Celestion System 6000 loudspeaker system Dick Olsher, January 1989
The System 6000 was previously reviewed in Stereophile, by Martin Colloms in Vol.10 No.2 (February 1987). What follows is simply meant as a quickie followup to that in-depth review.
Someone was bound to ask how Celestion's dipole subwoofer system ($2699/pair complete with electronic crossover) compared with the products surveyed herein, especially in view of the liberal use I've made of the Celestion SL600. So I endeavored to obtain a sample, which arrived just in time for a couple days' listening.
Here is a product designed to mate specifically with the SL600. Not surprisingly, therefore, the overall integration was very smooth—except for an annoying room mode at 60Hz which I couldn't eliminate. The improvements wrought by the introduction of the subwoofer were dramatic. Bass extension and dynamic headroom were much improved. Bass detail and pitch definition wee as good as ever. The range handled by the SL600s was much more effortless, with much reduced congestion on loud peaks, better detail, and, believe it or not, imaging stability was up a notch. The imaging was stable before, but now it's solid as a rock. The measured nearfield response of the subwoofer was well extended, with a –3dB point of 25Hz. However, there's not much dynamic headroom below 30Hz. An excellent subwoofer system, nonetheless.
Early on, I was bothered by grain and veiling in the upper midrange. It seemed reasonable to attribute this to the high-pass filter section of the line-level Controller, because the problem went away when the SL600s were operated fullrange. I'm surprised that MC did not comment on this in his review. After about a 48-hour warmup, the upper mids smoothed out quite a bit. But the problem was not adequately addressed until I replaced the Levinson amplifier with the Cochran Delta Modes as satellite amps. Is it possible that the tubed front-end of the Delta Modes filters most of the dirt generated by the Controller? I'm left with a nagging suspicion that perhaps the Controller could benefit from a discrete no-holds-barred design. Let's see, if I could talk Threshold into rebuilding the Celestion Controller...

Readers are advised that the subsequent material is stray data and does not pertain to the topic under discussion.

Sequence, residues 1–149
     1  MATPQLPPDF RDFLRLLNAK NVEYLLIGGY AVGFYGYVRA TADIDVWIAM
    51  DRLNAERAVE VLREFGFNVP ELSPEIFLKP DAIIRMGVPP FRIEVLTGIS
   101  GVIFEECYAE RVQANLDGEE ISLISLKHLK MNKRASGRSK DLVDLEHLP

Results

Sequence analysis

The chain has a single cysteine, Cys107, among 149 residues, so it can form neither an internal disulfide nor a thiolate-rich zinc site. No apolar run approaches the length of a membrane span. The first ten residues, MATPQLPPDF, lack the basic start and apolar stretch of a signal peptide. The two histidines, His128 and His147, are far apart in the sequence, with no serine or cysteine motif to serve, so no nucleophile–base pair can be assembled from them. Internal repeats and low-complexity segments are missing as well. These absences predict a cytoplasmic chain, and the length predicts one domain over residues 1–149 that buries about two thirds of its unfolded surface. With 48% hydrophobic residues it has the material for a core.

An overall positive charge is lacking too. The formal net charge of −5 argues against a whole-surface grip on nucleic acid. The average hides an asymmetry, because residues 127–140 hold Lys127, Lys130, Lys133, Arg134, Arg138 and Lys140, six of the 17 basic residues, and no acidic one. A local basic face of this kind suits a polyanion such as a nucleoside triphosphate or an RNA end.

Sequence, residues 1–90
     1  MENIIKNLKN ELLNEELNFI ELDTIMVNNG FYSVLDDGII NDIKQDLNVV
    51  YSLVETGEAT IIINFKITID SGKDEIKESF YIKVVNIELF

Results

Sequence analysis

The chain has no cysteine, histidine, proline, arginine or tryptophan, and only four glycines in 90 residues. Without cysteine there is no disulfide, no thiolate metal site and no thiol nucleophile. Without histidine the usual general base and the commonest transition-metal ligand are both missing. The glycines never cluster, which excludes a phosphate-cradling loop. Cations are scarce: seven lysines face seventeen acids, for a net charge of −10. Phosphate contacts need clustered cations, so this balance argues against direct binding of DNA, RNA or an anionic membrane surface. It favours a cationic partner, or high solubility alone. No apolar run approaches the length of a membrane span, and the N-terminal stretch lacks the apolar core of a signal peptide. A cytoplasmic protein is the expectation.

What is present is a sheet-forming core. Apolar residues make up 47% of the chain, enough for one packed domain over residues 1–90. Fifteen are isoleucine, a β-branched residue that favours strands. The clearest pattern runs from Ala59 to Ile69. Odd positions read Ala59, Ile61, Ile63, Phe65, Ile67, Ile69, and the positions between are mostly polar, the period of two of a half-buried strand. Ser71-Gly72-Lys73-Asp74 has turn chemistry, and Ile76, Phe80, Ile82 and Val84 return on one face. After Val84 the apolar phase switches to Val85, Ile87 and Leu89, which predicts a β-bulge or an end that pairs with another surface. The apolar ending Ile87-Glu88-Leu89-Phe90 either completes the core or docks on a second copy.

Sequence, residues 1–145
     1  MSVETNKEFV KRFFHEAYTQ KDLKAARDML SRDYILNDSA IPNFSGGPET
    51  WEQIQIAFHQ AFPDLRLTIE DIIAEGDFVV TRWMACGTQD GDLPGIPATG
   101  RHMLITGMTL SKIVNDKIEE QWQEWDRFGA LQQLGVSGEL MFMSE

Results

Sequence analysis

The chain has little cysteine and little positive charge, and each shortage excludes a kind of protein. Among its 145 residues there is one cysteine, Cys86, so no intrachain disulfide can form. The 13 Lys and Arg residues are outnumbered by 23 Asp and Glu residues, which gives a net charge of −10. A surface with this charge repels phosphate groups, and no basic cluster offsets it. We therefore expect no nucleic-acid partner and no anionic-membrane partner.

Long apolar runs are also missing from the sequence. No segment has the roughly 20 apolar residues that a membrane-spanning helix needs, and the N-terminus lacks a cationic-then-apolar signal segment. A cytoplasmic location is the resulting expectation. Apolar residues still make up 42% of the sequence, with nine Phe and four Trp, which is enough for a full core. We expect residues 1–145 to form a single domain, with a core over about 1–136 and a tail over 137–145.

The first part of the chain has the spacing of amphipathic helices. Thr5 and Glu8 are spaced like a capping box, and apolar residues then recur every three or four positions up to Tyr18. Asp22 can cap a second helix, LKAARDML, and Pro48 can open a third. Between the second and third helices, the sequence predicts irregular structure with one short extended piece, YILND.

Subwoofing makes good sense only if you're buying a sure thing, like upgrading to a Celestion System 6000, or if you are a risk-taker who can afford the cost of experimentation. If you decide to experiment, then the best strategy is to bi-amp using steep filter sections and a nominal 100Hz crossover point.—Dick Olsher